If you have to make an unplanned bivouac on a route, don’t continue climbing until it is dark. Instead stop while it’s still light, especially if you are on a ledge, and find a dry comfortable spot for the night. Take off wet socks and boots and put on dry socks if you have an extra pair. Put on all of your warm clothes with the rain shell over the top for both insulation and protection from the weather. Wrap yourself in the emergency blanket, which offers protection from both rain and cold. Also, don’t be shy but huddle with your climbing partner if it is cold so you both can generate heat and survive to see the morning sunrise.
Be Prepared for a Forced Bivouac
It is easy to attempt a long climbing route and find that your partner and you are not up to the challenge. It is great to try to do one-day ascents of grade IV and V routes, especially if you are skilled and fast. These are routes like Royal Arches, the Cathedral Rocks climbs, and the South Face of Washington Column in Yosemite Valley; Prodigal Sun, Touchstone Wall, and Iron Messiah in Zion National Park; or Epinephrine at Red Rocks. But occasionally the stars just don’t line up and you get caught by darkness high on the wall or on the descent route and have to bivouac.
Easy to Lose Time on a Long Route
When you are doing a long route, stuff just happens. Maybe you get off route and lose valuable time; your partner comes down with some intestinal bug halfway up; the approach hike takes longer than you anticipate and you get a late start; the rope gets jammed in a tight crack; a late rain storm wets the rock, forcing you to wait until it dries enough to climb; or you get a hand injury or sprained ankle.
Do You Bivouac or Rappel Off?
If any of these mishaps occur, it is time to make a decision—do you go for the top and risk having to bivouac or do you turn tail and make a rappel retreat down the wall? There is nothing wrong with either decision. Make the most prudent choice given available daylight, weather conditions, and how prepared you are for a forced bivouac. If you are caught out in the elements on a bivy, a lack of preparation by not carrying extra survival gear can turn a weak storm or cold wind into a life-threatening situation.
Be Prepared for a Forced Bivouac
The best way to be comfortable and survive a forced bivouac high on a cliff or mountain is to be prepared. The most important thing is to carry enough clothing to stay warm and dry if the weather is cold and wet. Carefully pick lightweight clothes, including a raincoat and pants, which can also be used for wind protection, a warm hat or balaclava, and gloves. If you have room in your climbing pack, also toss in a fleece pullover. If you are climbing during warm months, bring ultralight gear; if it is during colder periods, bring temperature-appropriate clothes.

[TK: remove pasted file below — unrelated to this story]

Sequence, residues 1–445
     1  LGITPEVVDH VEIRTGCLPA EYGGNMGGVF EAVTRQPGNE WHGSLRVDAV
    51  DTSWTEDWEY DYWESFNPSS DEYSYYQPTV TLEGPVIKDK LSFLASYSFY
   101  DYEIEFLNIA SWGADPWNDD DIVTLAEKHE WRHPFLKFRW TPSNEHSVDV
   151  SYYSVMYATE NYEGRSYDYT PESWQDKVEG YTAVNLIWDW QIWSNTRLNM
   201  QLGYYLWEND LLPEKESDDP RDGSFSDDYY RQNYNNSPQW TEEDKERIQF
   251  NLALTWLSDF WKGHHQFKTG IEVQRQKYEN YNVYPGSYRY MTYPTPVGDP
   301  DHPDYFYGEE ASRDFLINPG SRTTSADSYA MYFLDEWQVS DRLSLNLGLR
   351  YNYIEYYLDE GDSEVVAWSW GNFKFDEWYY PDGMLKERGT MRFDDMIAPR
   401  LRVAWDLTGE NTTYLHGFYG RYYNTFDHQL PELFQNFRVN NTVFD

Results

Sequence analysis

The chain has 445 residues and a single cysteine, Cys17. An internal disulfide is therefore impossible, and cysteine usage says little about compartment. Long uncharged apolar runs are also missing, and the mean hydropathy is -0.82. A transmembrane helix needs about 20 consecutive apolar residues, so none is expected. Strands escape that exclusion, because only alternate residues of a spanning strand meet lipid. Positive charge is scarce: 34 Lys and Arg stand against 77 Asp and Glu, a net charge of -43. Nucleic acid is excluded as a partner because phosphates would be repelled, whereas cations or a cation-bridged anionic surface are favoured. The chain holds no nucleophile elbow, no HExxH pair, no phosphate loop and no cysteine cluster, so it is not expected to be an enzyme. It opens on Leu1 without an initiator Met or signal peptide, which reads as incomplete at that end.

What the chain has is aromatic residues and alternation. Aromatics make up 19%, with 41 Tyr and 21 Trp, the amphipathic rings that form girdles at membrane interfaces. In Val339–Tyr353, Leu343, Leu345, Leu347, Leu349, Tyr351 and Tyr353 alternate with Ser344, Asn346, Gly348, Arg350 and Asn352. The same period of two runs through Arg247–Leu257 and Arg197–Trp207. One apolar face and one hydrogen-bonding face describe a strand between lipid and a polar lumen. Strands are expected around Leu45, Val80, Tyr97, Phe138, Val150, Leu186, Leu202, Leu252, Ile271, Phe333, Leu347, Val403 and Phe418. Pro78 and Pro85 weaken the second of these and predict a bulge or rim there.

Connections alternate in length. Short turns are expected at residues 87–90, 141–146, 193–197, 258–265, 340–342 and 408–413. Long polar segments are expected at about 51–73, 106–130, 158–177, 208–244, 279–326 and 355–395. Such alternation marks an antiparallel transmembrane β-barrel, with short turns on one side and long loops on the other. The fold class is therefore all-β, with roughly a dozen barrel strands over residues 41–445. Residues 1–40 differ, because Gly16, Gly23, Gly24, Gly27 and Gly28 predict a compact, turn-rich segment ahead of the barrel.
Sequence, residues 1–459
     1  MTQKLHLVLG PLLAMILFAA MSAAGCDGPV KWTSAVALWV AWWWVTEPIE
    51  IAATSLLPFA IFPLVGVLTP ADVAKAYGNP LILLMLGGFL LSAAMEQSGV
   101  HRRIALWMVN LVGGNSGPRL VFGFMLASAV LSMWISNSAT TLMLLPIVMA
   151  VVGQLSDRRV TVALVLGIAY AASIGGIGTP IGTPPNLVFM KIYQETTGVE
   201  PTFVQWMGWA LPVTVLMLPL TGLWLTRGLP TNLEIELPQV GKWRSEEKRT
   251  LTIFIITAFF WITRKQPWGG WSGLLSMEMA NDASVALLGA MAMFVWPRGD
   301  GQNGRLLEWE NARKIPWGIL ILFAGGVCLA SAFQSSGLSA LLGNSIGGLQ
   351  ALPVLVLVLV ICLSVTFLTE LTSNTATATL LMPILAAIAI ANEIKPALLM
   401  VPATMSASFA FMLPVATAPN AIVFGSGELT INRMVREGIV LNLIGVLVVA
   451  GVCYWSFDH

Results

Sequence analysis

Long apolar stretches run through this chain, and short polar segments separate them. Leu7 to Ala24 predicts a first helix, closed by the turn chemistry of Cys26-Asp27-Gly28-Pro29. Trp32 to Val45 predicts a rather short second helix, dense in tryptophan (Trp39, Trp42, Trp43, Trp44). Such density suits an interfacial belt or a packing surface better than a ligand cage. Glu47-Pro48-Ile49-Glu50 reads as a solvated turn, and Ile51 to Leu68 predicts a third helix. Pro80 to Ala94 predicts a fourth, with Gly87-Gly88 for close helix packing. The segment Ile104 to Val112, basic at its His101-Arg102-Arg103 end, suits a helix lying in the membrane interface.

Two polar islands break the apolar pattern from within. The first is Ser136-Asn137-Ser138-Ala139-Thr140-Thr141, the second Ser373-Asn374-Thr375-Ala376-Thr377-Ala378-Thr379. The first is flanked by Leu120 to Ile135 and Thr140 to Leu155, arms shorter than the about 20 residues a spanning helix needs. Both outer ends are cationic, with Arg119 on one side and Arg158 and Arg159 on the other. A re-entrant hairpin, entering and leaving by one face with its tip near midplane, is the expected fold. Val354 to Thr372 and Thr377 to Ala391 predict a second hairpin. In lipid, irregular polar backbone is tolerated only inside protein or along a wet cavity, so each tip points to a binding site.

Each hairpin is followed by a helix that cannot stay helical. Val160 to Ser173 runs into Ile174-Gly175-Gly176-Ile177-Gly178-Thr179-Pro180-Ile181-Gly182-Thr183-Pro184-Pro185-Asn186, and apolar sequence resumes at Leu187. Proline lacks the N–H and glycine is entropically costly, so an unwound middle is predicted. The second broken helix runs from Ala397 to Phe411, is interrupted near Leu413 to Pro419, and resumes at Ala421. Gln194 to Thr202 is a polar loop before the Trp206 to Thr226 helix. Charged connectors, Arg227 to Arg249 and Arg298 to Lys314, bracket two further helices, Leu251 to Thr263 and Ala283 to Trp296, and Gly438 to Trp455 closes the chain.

Bring Warm Clothes, Headlamp, Matches, and Food
Use high-quality gear. Do not rely on down or cotton garments, which lose insulating properties when wet. Instead bring and wear wool, polyester, polypropylene, synthetics, and other new fabrics which stay warm when wet; most, except wool, also dry quickly. A lightweight nylon shelter, bivy sack, or emergency blanket keeps you warm and dry on a damp night. Also, bring a headlamp with an extra bulb and new batteries. It is useful for signaling, climbing and descending in the dark, and finding anchors. Bring matches or a lighter and heat tabs to make a fire for warmth. Lastly, bring enough food and water.
Keep Your Survival Gear with You
It is important to keep your extra survival gear with you rather than with your climbing partner, especially near the top of the cliff or if darkness is falling. It is easy to get separated and if you have your gear, you can avoid dangerous consequences like hypothermia.
Find a Bivy Sport Before It’s Dark
Remember that if you do have to bivouac either on the climb, summit, or descent route, you will probably have an idea that you will be spending the night outside at least an hour beforehand. Make a plan. Talk about the situation and what to do with your partner. Get on the same page with each other. Do not continue climbing until it is pitch dark, instead find a sheltered bivouac spot and get settled in before night. You can get comfortable, warm, and safe so that you can finish your climb the next morning.